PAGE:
The Facebook-owned social network launches Instagram Stories, a new feature that that lets retailers and other users post photos that disappear after 24 hours. The tool aims to encourage users to interact with the app more often.

Facebook Inc.-owned Instagram wants its more than 500 million monthly active users to interact with its platform more often. To drive that engagement, it’s taking a page straight from fast-growing rival Snapchat.

Instagram today introduced Instagram Stories, which lets users and brands post photos and videos that disappear after 24 hours. For instance, a retailer could use the tool to share ephemeral content, such as an exclusive event or sale. The feature is similar to Snapchat’s Live Stories, which let users post images that are visible for 24 hours.

Instagram Stories appear at the top of users’ feeds. Users see Instagram Stories in a row featuring the accounts they most actively interact with at the top of their feeds. When a user taps a circle, he can see the content other users he follows have posted over the past 24 hours. When a user shares content, he can select to block some users from seeing the images posted in a story, which is a feature not available in the main Instagram feed.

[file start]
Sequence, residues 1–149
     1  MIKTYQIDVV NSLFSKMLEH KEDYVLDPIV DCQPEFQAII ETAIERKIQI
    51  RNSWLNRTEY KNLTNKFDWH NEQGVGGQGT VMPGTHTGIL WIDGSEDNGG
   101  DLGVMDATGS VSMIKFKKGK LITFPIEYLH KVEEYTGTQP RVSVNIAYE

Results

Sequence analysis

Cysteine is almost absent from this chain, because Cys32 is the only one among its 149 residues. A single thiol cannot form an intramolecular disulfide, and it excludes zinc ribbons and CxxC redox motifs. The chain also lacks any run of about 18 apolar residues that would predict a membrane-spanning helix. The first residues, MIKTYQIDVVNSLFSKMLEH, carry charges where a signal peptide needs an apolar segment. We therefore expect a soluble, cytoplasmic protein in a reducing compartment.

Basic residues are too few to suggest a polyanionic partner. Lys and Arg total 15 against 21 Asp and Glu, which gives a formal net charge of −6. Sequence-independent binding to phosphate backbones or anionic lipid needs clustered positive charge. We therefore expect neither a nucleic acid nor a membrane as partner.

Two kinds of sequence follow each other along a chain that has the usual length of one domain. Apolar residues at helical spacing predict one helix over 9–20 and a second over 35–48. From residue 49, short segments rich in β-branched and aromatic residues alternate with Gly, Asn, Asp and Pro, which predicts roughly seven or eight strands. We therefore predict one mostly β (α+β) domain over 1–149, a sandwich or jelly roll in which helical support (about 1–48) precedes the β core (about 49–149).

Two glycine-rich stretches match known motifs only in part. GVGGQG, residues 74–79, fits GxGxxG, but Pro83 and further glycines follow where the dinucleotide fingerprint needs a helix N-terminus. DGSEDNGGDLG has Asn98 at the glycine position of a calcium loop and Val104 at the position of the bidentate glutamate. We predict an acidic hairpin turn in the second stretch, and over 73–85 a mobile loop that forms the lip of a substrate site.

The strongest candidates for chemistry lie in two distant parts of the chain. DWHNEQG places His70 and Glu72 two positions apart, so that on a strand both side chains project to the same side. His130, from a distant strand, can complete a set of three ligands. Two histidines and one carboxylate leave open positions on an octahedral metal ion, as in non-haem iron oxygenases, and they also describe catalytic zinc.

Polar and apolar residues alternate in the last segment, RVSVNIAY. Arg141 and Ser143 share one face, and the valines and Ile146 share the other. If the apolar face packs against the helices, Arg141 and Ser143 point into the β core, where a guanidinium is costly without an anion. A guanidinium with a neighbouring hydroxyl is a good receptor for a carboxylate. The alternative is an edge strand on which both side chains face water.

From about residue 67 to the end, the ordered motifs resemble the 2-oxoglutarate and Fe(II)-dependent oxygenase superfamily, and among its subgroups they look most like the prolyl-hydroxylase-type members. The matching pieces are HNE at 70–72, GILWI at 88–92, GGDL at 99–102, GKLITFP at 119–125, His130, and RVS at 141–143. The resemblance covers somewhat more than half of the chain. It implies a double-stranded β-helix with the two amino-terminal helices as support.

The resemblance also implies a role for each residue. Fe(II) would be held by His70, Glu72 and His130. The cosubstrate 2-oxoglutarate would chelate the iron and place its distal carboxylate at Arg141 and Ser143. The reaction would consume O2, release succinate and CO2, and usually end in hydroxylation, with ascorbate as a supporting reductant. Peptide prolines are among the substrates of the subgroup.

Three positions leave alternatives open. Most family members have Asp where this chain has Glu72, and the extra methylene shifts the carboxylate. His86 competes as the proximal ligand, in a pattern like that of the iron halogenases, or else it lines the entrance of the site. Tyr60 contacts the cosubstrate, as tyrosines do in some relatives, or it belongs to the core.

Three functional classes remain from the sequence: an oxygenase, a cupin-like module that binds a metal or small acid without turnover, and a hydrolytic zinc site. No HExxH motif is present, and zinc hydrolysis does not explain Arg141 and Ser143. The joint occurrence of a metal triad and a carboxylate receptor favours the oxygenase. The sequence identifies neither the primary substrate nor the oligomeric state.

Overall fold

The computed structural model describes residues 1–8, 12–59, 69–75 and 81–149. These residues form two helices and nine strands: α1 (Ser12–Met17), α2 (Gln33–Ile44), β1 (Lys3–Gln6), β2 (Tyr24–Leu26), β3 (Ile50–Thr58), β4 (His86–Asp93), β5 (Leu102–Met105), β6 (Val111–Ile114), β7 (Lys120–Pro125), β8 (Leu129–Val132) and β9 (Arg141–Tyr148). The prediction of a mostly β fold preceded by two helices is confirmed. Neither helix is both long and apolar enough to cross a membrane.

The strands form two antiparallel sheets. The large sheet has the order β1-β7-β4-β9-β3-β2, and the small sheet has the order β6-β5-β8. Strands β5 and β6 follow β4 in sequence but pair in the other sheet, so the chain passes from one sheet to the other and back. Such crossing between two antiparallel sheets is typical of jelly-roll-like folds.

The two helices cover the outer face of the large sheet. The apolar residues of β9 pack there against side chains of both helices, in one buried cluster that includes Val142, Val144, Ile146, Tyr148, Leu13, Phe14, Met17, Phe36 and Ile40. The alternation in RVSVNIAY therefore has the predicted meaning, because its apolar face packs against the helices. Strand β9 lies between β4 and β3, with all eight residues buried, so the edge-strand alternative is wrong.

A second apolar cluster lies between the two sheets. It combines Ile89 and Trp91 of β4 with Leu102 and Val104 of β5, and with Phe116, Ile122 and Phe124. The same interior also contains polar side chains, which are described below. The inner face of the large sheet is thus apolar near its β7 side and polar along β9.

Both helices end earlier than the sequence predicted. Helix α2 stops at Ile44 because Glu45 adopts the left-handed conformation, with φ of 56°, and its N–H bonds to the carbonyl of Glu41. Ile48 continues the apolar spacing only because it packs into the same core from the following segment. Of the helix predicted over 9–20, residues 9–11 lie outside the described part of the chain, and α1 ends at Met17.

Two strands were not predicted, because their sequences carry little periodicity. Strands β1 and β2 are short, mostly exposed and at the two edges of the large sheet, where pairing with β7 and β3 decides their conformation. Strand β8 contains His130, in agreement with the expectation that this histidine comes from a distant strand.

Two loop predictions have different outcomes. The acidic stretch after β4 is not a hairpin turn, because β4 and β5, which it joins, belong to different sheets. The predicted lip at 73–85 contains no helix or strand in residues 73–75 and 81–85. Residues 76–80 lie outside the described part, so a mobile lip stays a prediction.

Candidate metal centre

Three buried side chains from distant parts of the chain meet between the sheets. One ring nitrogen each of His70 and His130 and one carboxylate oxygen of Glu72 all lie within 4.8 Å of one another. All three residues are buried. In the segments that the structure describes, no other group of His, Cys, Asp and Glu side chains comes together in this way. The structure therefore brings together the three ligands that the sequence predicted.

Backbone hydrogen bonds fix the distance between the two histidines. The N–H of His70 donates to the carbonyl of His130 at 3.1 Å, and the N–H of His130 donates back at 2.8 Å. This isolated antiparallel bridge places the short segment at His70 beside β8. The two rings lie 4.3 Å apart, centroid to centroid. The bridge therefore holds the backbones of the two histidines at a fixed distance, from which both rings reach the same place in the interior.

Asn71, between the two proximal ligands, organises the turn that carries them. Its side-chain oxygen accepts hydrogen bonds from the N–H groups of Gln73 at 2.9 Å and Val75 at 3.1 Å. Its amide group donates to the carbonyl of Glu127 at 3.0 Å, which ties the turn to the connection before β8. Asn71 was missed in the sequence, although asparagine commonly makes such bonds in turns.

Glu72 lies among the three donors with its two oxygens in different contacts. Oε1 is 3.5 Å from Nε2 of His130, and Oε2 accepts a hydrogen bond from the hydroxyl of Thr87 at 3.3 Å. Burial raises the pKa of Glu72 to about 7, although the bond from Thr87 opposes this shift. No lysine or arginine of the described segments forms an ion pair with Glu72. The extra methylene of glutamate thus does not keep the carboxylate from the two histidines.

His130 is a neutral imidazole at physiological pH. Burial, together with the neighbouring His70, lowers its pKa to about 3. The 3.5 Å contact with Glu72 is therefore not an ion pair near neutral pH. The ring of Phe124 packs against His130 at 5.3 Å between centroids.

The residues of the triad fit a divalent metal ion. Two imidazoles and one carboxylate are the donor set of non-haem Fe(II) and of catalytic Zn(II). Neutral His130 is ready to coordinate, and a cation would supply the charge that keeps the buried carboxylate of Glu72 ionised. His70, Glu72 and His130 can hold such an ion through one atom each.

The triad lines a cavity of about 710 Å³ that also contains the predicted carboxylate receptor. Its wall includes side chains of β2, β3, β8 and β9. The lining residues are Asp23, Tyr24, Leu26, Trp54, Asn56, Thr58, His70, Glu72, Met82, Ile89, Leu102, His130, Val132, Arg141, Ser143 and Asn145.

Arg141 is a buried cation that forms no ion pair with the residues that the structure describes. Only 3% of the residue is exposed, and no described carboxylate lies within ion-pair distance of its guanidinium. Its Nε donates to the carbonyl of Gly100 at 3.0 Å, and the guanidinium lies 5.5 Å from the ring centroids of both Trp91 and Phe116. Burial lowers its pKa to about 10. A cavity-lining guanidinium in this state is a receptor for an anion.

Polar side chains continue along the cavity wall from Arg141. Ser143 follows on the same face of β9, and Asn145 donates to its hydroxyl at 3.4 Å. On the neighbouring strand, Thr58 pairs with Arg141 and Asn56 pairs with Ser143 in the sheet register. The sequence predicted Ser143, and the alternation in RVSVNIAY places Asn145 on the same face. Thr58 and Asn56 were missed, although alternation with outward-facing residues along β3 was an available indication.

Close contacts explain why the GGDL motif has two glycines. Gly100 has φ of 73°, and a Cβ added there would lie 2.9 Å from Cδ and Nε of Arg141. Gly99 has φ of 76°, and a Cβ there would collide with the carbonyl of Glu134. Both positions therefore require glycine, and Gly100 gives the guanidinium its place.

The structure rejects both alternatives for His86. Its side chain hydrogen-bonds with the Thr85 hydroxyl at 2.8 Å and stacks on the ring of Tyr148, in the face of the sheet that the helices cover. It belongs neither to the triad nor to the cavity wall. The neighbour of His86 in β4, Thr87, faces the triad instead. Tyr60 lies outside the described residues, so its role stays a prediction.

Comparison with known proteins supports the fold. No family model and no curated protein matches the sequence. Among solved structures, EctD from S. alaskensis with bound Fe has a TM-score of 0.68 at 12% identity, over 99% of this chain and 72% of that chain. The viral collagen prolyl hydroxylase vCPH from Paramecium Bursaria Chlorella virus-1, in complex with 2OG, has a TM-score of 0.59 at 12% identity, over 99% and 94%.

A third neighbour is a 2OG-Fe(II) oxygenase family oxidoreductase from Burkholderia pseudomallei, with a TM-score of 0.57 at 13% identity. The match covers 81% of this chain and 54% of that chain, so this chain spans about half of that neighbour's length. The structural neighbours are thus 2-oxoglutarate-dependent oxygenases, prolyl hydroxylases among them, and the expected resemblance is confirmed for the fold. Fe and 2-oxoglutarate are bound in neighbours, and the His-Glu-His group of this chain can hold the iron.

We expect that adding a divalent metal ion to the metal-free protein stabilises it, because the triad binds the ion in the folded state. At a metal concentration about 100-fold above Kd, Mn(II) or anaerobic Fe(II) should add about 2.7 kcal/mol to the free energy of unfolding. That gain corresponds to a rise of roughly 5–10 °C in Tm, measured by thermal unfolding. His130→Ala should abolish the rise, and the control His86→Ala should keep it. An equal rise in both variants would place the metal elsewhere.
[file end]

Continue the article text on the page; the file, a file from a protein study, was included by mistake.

While ads will not initially appear within Instagram Stories, advertising and other “business opportunities” will be added in the future, an Instagram spokeswoman says. She declined to detail what those business opportunities involve.

The initial goal of the new feature is to drive users to share more content on the platform which, in turn, could drive users to interact with Instagram more often. “Instagram has always been a place to share the moments you want to remember,” writes Instagram in a blog post. “Now you can share your highlights and everything in between, too.”


Instagram is focused on making its platform “more engaging,” said Facebook CEO Mark Zuckerberg last week during a conference call with analysts. Part of that effort was its move to an algorithm-based personalized feed for users rather than the reverse chronological order that it had previously used. Today’s move fits within that broader effort, the spokeswoman says.

 The social network will ultimately aimsto provide more advertising opportunities for marketers by driving users to interact with Instagram more often and share more content. That’s a large opportunity for Instagram given that its ad load—the number of ads it shows users—is lower than Facebook’s ad load, Facebook said last week.